INDIAN ROCKS BEACH – Normally at a commission meeting when it is time for the city manager’s report, commissioners often expect a litany of housekeeping items. That wasn’t the case at the Indian Rocks Beach Commission meeting on Jan. 28 when Manager Gregg Mims said he managed to get $100,000 from the Florida Department of Transportation for work, which is to be done on the Walsingham/Gulf Boulevard intersection.
Mims said it was just a matter of asking.
“I was reviewing our plans for the upgrade of the intersection when it occurred to me that we would be working on a state road so why not see if they might like to contribute to the project,” he said.
Public Works Director Dean Scharmen set up a meeting with officials in Tampa and Indian Rocks Beach officials went there. They explained what they were doing and that they were spending $400,000 on the project.
“They asked for more details, and we sent that along. I remember saying to Dean a little is better than none, and on Dec. 30th we got an email telling us they would kick in $100,000 toward the project,” Mims said.
During the evening one commissioner after the other thanked and praised Mims for getting the money. He said it shouldn’t be the last time they get grant money for projects.
“State and federal grant money isn’t as plentiful as it once was,” he said. “But it is still out there; you just have to be a lot more aggressive in going after it. You have to make contacts. We’ve rearranged some things here at City Hall and Danny Taylor (planning and zoning director) will be paying close attention to getting grants on projects that we get involved in the future.”
Commissioner Jim Labadie said the money is welcome.
“That grant money, is our money,” he said. “We all contribute to it and to get some of it back is, well, a good thing.”
City Hall paint job
Commissioners and residents came to a City Hall auditorium that looked markedly different than the one they saw at the last meeting before the new year. The old dark wood paneling had all been removed and the walls underneath were all painted with new wide baseboards installed. The walls were also removed of clutter, giving the room a more open feeling. Mims said it was done at minimal cost.
“Our employees of the Public Services department did all the work,” he said. “It just cost us $1,400 in paint and supplies for repairing the ceiling tiles.”
Mims also said the work on the outside of the building was nearly finished with mostly just some landscaping work to be completed.
Approval given for variances
Commissioners unanimously approved a number of variances for a house at 1 Fifth Ave. The house, which abuts the pocket park on Gulf Boulevard at Walsingham Road, was built in 1917. The new owners, Ronnie and Shayla Sumner, intend on renovating the structure, but before they do they want to raise it 4 feet to move it out of the flood plain.
The catch is the house had been grandfathered in with a number of non-conformities. The minute they raise the house they lose those rights. Their request for the variances would simply legalize the non-conformities.
Commissioners unanimously approved the variances, saying the history of the house makes it worth saving.
Resident Phil Wrobel remarked that what the Sumners were doing signals the future of Indian Rocks Beach.
“The Biggert-Waters act is not going to go away,” he said. “A lot of homes in Indian Rocks Beach are worthless because once they are sold the new owners are going to discover flood insurance costs are very high, as much as $10,000. So you are going to be getting a lot of requests for people wanting to raise their homes.”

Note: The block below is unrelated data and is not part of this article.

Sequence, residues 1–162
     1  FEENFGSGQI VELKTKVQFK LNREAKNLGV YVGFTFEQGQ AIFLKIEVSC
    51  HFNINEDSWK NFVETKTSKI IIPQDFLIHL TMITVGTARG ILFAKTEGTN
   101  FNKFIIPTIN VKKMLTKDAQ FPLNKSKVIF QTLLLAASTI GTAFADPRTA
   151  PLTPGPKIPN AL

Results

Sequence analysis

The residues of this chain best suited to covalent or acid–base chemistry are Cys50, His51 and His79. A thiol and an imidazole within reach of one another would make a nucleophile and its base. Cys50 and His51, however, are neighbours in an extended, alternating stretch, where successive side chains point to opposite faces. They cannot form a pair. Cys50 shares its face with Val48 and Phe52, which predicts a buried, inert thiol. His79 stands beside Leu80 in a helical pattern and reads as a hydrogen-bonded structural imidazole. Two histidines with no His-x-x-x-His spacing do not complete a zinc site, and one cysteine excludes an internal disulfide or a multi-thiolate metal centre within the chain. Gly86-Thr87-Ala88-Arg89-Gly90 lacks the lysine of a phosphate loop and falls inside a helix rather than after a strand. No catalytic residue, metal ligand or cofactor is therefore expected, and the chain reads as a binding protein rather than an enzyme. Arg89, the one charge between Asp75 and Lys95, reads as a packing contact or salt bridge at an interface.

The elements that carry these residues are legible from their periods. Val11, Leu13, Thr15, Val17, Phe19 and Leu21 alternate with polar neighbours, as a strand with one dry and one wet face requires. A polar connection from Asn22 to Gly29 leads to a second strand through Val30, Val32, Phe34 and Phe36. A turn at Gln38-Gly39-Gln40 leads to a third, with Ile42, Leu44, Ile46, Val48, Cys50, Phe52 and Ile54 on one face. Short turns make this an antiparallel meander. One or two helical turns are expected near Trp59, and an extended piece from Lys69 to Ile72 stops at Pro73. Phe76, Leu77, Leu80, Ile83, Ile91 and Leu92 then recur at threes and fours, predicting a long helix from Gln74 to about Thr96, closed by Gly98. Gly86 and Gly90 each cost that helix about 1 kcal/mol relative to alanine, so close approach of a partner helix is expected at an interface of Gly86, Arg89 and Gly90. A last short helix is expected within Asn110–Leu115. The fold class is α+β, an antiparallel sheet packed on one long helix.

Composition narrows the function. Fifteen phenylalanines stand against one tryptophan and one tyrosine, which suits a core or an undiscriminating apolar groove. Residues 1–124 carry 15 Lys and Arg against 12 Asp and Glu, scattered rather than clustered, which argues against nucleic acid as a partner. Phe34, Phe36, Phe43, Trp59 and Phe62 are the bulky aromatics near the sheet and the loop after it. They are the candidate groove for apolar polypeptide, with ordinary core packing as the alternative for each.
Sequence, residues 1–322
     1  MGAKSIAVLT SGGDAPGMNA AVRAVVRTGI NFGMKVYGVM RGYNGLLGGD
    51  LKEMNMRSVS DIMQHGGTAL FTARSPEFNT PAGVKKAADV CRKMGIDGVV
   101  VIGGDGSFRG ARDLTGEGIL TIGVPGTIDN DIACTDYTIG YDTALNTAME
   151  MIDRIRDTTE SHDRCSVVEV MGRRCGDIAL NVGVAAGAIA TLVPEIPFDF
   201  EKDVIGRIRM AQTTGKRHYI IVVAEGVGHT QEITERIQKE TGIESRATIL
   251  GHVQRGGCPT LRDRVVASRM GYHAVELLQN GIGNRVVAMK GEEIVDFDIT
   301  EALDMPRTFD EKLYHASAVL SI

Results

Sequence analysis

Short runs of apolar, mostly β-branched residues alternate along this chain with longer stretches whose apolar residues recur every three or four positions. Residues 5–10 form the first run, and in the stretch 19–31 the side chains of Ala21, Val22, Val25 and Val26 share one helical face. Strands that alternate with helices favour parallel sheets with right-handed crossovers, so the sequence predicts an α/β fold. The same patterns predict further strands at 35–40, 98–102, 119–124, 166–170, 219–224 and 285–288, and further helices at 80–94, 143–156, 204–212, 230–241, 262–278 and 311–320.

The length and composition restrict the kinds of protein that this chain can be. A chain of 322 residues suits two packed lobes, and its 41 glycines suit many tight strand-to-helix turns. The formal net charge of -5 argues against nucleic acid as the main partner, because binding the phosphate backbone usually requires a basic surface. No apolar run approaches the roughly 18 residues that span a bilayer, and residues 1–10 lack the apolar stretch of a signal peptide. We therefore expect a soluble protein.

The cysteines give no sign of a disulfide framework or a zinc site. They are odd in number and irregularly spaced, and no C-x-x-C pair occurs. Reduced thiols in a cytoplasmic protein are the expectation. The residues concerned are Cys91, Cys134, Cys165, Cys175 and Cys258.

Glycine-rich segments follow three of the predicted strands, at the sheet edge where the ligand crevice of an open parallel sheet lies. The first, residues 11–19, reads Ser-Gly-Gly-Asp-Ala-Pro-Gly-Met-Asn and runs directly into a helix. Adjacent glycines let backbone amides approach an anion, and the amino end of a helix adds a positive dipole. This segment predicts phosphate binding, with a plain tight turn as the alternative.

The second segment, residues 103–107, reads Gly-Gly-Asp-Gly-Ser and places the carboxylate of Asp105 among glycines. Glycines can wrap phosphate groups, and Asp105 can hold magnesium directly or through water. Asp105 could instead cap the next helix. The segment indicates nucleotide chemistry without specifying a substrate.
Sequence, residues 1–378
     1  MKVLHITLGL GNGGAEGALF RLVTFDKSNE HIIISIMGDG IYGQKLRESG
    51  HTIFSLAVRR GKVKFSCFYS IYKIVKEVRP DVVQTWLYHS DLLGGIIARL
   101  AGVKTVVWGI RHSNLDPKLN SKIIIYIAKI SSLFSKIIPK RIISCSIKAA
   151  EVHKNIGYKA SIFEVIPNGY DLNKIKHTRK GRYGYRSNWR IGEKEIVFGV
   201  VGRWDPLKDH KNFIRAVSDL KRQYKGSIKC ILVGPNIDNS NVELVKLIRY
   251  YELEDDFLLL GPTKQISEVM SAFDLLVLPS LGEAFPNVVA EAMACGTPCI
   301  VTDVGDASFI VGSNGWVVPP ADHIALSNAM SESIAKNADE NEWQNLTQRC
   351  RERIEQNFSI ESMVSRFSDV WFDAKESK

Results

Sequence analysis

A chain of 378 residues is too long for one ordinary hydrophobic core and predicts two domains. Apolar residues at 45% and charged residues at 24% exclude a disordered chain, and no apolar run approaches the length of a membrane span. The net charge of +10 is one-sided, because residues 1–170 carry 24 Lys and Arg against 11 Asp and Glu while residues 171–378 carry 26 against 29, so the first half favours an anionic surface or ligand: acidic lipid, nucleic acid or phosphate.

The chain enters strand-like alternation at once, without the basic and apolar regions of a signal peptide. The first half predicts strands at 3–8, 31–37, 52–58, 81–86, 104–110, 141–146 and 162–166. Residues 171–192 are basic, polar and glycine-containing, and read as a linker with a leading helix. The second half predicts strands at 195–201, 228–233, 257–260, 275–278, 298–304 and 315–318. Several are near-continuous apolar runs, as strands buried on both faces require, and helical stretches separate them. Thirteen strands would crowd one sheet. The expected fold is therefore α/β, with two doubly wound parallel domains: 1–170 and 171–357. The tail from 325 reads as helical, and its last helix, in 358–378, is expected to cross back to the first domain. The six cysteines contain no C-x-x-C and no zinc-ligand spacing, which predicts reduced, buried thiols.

Commissioners gave final approval to changes in a number of city ordinances. The changes were part of a streamlining effort to bring the ordinances up to date.
In some cases the changes addressed boards that were no longer in existence. One example was the elimination of the city’s Tree Board. In fact the Tree Board never existed, had no members, never met and was taking up space on the city’s books.
Planning and Zoning Director Taylor told the commission that it was time to make the changes.
“Things evolve,” he said. “Over the years different people with different expertise had a hand in developing the ordinances. In some cases there were conflicting sections in the same ordinance. Some just don’t make sense and others have variances, different sets of criteria that could cause a liability for the city. We have now fixed it so there is one set of standards, and one set of procedures.”
Commissioners passed the changes unanimously.
Appointments to city boards
IRB has a new Charter Review Committee. Commissioners agreed to appoint five residents to the board, one nominated by each commissioner and the mayor. The committee will exist for only six months and will be responsible for looking over the city’s charter and making recommendations for any amendments to the commission. Once those amendments are reviewed by the Commission they must be presented in a referendum for all residents to vote on
The committee consists of Betsy McKenna, Larry King, Melissa Dotson, Cory McBride and Waldemar Clark.
Their first meeting will be held on Wednesday, Feb. 19.
Two other residents were appointed to boards in the city. Jeffery Arrendale was appointed to the Planning and Zoning Board. He replaces Michael McGlaughlin who resigned.
Frank Waters Jr. was appointed to the Finance and Budget Review Committee. He replaces Elizabeth Driscoll whose term had expired.
IRB received a special award from the States Organization on Boating Access. The city got the award for its work in developing the Keegan Clair boat docks. The award was announced at the organization’s recent conference in Portland, Ore. A plaque recognizing the award was sent to the city.